Eve Ensler makes me cry. 
Judging by the tissues being raised to eyes during a matinee, the playwright of “The Vagina Monologues” has that effect on many with her latest play, “Emotional Creature.”

At off-Broadway’s The Pershing Square Signature Center, the gut-wrenching play mines more of Ensler’s specialized talent: spotlighting what women endure simply by being born female.
The six characters are all young women, and they don’t interact with one another, as characters do in traditional dramas. Rather, each actress delivers monologues of how she struggles with different situations.
The actresses come together to serve as the chorus and in the opening and closing numbers, but each actress is strong enough to tell a story that represents millions of others young women.
Some stories are tinged with sweetness, such as a young woman (Ashley Bryant, “Gossip Girl”) taking endless photos of herself for her Facebook profile. Some are tragic — one young woman suffers every indignity imaginable.
In the opening number, they ask one another difficult, timely questions such as: “Would you rather be date-raped by a stranger or dumped?” “Would you save your mother or your father?” “Would you rather catch your boyfriend with your sister or best friend?”
And so we’re off. Ensler does not bother with the superficial. She gets right to the pain and the joy of what makes women, women. Unlike “The Vagina Monologues,” the few lighter lines are far between, making the play draining.
That doesn’t make it less important or diminish its message, but it is difficult to come up for air while watching.

The women discuss anorexia. In another scene, a woman tells of her parents forcing her to have a nose job. She liked her old, big nose. It’s all about young women being forced to conform to society’s ideal of beauty, regardless of how they feel.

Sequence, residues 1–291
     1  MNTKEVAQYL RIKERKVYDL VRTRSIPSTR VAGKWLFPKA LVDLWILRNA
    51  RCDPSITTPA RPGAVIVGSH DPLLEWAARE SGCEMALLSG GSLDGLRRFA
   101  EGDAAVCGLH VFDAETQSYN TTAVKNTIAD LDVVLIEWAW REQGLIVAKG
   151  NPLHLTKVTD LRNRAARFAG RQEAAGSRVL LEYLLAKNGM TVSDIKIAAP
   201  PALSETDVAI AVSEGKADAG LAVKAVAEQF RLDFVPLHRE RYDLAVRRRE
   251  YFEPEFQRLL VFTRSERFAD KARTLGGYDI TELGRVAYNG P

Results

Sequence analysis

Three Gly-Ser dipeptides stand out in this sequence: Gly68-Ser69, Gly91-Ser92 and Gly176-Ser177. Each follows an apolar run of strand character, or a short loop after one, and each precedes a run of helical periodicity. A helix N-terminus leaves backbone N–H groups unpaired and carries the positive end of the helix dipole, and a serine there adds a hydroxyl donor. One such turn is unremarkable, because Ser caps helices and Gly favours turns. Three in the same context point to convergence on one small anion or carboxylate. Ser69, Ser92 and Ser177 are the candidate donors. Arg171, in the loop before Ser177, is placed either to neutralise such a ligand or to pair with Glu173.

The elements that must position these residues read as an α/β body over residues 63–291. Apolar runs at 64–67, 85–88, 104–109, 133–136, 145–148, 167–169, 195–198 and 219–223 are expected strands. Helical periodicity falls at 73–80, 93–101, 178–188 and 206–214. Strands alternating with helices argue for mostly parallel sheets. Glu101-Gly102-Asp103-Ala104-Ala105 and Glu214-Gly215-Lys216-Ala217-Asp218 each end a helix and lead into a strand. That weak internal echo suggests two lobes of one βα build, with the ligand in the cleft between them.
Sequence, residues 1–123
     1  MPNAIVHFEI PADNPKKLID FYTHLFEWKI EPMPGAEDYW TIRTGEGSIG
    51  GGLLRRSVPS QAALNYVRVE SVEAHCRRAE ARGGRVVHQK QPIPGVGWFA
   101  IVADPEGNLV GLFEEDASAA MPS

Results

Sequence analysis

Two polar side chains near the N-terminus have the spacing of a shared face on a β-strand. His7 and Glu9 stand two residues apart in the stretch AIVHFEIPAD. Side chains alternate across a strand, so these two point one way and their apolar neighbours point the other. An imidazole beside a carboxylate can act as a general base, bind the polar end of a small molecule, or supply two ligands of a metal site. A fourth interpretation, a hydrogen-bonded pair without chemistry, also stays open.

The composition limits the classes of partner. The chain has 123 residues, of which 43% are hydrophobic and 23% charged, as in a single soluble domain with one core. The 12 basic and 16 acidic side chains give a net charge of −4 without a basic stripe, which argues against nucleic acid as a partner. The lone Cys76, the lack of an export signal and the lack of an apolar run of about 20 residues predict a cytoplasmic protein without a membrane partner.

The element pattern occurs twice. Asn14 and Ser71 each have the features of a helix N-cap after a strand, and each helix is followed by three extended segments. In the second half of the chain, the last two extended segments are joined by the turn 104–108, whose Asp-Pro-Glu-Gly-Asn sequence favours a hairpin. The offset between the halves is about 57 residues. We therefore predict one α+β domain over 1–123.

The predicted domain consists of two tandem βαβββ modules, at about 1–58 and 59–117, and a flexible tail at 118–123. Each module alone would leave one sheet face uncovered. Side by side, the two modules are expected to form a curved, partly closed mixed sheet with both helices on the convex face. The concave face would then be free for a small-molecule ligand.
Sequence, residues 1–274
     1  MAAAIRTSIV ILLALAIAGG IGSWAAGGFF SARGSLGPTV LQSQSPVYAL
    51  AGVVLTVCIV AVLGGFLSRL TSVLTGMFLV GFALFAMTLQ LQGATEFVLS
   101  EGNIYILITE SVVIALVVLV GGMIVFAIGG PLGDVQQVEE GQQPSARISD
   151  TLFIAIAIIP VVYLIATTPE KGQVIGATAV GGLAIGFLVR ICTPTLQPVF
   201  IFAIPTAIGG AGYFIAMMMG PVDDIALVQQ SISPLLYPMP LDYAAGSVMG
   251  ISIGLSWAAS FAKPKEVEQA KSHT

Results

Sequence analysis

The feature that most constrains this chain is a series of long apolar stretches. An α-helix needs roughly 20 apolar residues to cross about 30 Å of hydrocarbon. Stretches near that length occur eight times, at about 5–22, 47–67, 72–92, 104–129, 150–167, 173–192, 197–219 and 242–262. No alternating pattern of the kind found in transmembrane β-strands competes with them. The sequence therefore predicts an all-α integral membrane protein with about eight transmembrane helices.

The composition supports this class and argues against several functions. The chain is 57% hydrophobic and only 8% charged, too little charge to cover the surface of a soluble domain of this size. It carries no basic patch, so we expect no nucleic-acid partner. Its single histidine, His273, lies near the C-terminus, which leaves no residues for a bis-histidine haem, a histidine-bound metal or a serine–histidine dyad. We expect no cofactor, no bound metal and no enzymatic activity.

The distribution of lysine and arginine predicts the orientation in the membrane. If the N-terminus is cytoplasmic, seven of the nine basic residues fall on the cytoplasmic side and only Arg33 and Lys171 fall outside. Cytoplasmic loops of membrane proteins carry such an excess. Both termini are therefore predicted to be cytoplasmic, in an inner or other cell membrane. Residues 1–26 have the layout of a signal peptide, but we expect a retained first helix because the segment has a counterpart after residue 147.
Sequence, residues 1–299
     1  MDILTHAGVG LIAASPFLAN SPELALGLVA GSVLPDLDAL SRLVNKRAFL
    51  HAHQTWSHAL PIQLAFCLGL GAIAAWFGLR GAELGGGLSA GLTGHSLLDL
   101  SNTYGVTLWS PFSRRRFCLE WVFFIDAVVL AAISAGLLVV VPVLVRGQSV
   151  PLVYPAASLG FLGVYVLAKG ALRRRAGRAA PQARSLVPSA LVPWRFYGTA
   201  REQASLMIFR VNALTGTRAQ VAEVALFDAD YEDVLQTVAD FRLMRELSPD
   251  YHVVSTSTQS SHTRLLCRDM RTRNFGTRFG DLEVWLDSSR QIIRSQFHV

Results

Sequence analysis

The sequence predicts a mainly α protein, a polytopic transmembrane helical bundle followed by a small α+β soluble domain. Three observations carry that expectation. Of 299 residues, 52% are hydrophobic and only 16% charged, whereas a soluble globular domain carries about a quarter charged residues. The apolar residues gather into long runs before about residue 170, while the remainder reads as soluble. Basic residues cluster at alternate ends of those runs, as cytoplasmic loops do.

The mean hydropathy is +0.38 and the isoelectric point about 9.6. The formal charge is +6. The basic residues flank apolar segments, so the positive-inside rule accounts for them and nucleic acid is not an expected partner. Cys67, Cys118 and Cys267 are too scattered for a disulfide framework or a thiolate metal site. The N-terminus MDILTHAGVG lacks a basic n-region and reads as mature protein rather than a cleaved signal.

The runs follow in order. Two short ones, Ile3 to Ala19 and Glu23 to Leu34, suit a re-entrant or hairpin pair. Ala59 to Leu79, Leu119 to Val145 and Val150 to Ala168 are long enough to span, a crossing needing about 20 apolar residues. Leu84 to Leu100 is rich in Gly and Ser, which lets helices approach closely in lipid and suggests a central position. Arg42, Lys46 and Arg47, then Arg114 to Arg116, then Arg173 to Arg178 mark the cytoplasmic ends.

There are cringe-worthy scenes, such as when one talks about how her lover could not transmit AIDS because “he’s too young and too smart.”
“I was practicing abstinence, but I don’t know how to apply it,” one character says.
Among the qualities that make Ensler important and wonderful is that she puts on stage what so many feel, but keep quiet. 
“I’m not gay. I’m not straight. I’m Stephanie,” says one character.
Then there are the victims. The girl who was raped at 12; her father beat her with wooden furniture, then cast her out. 
“I am a garbage can,” she says. “I don’t know why I was born.” Used as a sex slave, she advises, “Build a hole inside yourself and climb in.”
When a young woman is talking to God on the savannah in Tanzania, where she ran away to avoid having her genitals mutilated, she says, “I cannot believe you would want my clitoris cut. I just discovered it. You told us to never cut a tree. Why would you cut me?”
There’s a fun number about how a short skirt is not an invitation to rape. Yes, Ensler preaches but she has much to preach about.
A girl (Olivia Oguma) who works in a factory in China making Barbie dolls says, “She is so much smarter than they will let her be.” And the “Free Barbie” chant is terrific. The play is topical and includes a “Free Pussy Riot” moment.
Though the individual stories may seem disconnected, they are all very much interwoven as the global experiences of young women, all trying to accept themselves and make their way into an often-terrifying world. 
 Few people understand that better than Ensler.
Posted by:Jacqueline Cutler